Chief Inspector of Prisons Peter Clarke recently described Birmingham Prison as the worst prison he had ever been to.

Inspectors found blood, vomit and rat droppings on the floor, staff asleep on duty, cockroaches and an overpowering smell of drugs.

According to the BBC news website, there were 1,147 assaults, including fights, recorded at Birmingham in 2017.

That’s more than three assaults every single day. Just imagine the fear running through the prison population.

How can a so-called civilised society like the UK with the world’s fourth largest economy deprive anyone of basic human decency?

We are all fond of saying inmates should not commit crimes if they don’t like prison but what happens when fate deals your cards from the bottom of the deck?

We have all seen children we knew were heading for a life behind bars as a result of their upbringing.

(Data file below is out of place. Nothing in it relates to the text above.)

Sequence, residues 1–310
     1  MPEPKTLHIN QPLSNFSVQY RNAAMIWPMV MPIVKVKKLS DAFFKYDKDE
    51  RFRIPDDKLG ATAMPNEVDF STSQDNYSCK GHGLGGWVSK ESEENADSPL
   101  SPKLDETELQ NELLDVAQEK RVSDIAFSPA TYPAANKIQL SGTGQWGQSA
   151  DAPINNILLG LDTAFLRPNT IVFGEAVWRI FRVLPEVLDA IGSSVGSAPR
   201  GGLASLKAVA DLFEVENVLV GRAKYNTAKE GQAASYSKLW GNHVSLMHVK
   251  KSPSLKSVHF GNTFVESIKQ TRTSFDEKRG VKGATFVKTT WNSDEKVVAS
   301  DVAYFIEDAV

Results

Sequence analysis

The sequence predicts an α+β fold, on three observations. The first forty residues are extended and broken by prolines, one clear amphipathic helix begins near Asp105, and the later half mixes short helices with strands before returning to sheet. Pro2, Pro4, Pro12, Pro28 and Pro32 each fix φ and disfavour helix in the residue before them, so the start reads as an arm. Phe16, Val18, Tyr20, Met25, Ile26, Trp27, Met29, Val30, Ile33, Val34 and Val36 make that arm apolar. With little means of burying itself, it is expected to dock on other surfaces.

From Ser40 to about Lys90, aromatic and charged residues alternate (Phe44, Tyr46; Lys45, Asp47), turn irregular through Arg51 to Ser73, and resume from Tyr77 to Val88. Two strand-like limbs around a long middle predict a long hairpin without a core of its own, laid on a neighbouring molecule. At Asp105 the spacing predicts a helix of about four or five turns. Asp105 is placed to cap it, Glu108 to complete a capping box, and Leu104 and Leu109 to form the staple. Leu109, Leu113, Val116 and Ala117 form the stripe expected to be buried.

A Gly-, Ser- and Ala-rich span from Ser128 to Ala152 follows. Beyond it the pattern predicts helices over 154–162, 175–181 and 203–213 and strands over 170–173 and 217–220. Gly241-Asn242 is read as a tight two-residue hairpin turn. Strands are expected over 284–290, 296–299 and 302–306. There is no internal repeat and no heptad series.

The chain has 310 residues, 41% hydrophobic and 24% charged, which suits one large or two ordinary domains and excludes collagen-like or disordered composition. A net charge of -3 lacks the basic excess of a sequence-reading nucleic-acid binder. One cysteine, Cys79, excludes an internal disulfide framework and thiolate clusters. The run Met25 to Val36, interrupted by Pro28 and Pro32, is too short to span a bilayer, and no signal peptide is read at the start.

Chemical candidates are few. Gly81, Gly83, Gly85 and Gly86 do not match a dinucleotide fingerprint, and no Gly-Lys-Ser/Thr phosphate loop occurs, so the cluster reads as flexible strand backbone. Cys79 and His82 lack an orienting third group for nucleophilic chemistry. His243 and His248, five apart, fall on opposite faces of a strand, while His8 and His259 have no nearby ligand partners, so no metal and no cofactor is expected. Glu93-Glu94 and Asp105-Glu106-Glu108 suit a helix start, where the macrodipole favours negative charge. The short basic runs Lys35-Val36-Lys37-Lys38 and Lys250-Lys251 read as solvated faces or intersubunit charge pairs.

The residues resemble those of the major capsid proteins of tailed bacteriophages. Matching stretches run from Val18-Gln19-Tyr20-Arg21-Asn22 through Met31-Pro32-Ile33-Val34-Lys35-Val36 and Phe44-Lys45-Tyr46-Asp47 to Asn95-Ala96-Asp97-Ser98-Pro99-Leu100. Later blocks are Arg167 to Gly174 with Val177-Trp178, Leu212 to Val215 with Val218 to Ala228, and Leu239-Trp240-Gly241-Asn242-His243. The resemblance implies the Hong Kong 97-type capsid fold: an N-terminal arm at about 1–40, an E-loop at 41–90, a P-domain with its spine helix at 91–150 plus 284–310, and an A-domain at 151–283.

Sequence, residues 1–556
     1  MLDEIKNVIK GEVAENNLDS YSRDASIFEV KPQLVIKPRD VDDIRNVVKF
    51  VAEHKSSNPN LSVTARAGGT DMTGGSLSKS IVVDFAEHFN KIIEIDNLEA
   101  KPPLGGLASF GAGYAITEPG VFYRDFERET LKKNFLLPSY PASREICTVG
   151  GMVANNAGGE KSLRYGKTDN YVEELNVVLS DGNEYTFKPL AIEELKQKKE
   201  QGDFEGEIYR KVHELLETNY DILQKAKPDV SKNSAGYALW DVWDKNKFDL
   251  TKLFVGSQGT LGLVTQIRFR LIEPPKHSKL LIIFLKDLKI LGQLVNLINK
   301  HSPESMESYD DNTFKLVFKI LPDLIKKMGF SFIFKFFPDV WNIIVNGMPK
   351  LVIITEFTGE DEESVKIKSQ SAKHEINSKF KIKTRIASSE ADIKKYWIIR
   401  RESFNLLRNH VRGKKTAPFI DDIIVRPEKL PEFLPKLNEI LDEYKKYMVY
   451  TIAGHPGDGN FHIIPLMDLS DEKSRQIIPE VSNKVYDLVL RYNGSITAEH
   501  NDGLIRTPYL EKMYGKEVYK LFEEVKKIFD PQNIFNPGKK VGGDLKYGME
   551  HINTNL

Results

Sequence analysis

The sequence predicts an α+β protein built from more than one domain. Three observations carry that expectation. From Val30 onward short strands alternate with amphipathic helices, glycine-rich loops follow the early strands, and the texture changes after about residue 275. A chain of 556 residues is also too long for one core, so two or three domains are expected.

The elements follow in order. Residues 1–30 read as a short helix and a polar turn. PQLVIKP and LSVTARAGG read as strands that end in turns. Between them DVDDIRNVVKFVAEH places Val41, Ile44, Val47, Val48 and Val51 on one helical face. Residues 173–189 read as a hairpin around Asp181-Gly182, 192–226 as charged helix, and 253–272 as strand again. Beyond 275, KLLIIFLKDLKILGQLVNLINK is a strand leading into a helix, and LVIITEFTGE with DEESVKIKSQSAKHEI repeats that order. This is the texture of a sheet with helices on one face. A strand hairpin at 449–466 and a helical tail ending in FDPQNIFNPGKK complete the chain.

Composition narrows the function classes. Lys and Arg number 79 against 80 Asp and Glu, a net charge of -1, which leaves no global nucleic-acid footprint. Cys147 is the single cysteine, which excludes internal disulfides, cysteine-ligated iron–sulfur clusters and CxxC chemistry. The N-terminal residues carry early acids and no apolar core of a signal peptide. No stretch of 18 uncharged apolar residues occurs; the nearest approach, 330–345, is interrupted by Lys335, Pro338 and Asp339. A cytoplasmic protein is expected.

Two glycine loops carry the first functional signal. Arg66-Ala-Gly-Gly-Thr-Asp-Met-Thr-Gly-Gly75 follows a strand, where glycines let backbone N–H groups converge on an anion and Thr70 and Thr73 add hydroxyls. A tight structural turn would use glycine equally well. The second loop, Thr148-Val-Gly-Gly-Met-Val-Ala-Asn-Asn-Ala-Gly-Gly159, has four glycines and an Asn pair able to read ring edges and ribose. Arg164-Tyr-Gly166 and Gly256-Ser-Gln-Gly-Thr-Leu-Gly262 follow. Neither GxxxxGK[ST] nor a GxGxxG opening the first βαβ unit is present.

What about these poor souls?

What about those with mental health issues where prisons seem to have replaced hospitals as their sanctuary?

Are we so uncaring that we are prepared to see inmates living in fear, degradation and utter squalor? I don’t believe we are. I believe we would like prisoners given a genuine chance to reform in a safe, hygienic environment instead of locking them up in a filthy cell 23 hours a day.

That’s more likely to create hate and anger.

If we can’t control the drug trade in a closed prison why are we kidding ourselves we can do it outside on our streets? We are spending billions fighting the drug cartels and losing.

Surely it’s time for a new approach?

As it stands we are creating the perfect environment in our prisons for violence, terror and humiliation. Add to that the hygiene and care standards of Victorian cesspits and we are breeding the criminality we are allegedly trying to stop.

The chance of rehabilitation in those conditions is next to zero.

The penalty for crime is loss of liberty not loss of all human decency.

The incarceration of those with mental illness is the greatest crime of all.

By Vic Barlow